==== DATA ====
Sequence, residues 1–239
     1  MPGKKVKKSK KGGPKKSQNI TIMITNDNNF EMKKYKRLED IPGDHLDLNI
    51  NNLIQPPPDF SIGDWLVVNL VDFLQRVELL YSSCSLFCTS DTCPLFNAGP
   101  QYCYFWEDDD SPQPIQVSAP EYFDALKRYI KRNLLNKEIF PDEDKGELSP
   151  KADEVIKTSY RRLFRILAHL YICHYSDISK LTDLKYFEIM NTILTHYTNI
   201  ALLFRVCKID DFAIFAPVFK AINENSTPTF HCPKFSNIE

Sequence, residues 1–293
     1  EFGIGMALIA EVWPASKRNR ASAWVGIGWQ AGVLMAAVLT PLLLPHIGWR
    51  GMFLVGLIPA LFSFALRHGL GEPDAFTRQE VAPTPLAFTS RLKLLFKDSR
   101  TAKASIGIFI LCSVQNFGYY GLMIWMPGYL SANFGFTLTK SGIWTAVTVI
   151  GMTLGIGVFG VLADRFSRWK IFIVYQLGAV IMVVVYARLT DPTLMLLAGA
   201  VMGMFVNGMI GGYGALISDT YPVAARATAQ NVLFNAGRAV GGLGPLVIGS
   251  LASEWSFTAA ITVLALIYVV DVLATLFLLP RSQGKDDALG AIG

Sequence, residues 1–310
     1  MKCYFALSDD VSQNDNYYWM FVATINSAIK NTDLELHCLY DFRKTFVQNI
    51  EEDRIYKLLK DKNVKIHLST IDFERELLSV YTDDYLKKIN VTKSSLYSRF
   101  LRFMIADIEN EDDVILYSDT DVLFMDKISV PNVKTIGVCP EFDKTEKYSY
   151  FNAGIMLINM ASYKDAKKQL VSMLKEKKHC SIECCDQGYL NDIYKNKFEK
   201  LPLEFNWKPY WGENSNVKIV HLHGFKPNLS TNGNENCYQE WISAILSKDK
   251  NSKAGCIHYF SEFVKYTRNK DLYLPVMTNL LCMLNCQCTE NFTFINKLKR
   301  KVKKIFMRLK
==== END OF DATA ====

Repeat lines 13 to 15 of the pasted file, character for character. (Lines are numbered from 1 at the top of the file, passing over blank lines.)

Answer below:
   251  LASEWSFTAA ITVLALIYVV DVLATLFLLP RSQGKDDALG AIG

Sequence, residues 1–310
     1  MKCYFALSDD VSQNDNYYWM FVATINSAIK NTDLELHCLY DFRKTFVQNI